Get ‘salsafied’ with opening act, Beto and the Fairlanes
Over the years , Beto and the Fairlanes, who are the Summer of Jazz 2004 opening act, have created a tribe of loyal fans who continue to gather for rituals of dance, song and tropical frolic. One unifying principle that seems to draw both listeners and dancers to Beto’s concerts is the irresistible sense of fun that Beto and the Fairlanes are able to generate from the stage.
Rarely do players of this level of musicianship come together and play with such obvious enthusiasm. The band’s high-flyin’ horns and explosive percussion and Beto’s easy sense of humor take you to a celebration of musical traditions both north and south that meet naturally in the beat of their music.
Even the recordings by Beto and the Fairlanes evoke the flavor, atmosphere and inspiration of a live concert played under the stars on a tropical night for people of many cultures and backgrounds. The dance floor is filled with dancers. There’s a sense of magic in the air. And the audience is “salsafied” by the powerful music of Beto and the Fairlanes.
Beto himself is, in truth, one Robert Skiles, a native Texan from San Antonio who has degrees in music from the universities of Texas and North Texas. Before forming Beto and the Fairlanes, Robert was, and still is, a prominent jazz pianist in Austin, Texas.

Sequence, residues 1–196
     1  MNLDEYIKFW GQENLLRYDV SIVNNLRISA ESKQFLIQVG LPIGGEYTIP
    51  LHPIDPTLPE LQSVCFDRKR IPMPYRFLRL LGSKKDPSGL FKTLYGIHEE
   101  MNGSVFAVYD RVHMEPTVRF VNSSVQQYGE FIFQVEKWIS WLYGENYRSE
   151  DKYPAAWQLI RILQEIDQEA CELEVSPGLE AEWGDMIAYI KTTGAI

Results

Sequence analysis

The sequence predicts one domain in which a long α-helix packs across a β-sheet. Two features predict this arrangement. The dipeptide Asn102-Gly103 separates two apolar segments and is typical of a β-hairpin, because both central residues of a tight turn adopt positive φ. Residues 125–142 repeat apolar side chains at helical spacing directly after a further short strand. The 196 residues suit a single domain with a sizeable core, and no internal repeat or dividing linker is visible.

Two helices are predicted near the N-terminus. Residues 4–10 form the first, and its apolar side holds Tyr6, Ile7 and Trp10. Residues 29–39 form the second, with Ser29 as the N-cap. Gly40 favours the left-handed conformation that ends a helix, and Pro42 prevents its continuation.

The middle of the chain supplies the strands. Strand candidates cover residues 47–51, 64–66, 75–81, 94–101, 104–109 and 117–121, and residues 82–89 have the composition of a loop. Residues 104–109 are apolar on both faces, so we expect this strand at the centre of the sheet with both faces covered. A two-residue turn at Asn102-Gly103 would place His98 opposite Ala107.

On the classical side he played piano for the Austin City Ballet and the University of Texas dance department. He has also written and conducted four major works for orchestra.
So, why Beto and the Fairlanes? In his own words, Skiles explains, “Beto was a result of my bilingual roots in San Antonio, a love of jazz and classical music that came from my parents who were both accomplished artists, and a desire to write and perform highly energetic, improvised music that was both challenging to play and fun to dance to! My vision was to combine in a unique way elements of jazz and Latin music.
And the name, Beto and the Fairlanes? “It was something I just thought up as a fun name for a typical south Texas street band. In time, the name and the music stuck and here we are! What are we doing now? Well, after so many years of playing concerts and recording, we still get together for the same reason we did when we started ” simply to have fun! Sure, we still have other projects in the works, but nowadays we have about one gig a month and it’s a family party: band and fans. And it’s fun. That’s what we’re all about!”
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The 27th Street Underpass Bridge project design has reached 30% completion, with a final design expected to be completed by August.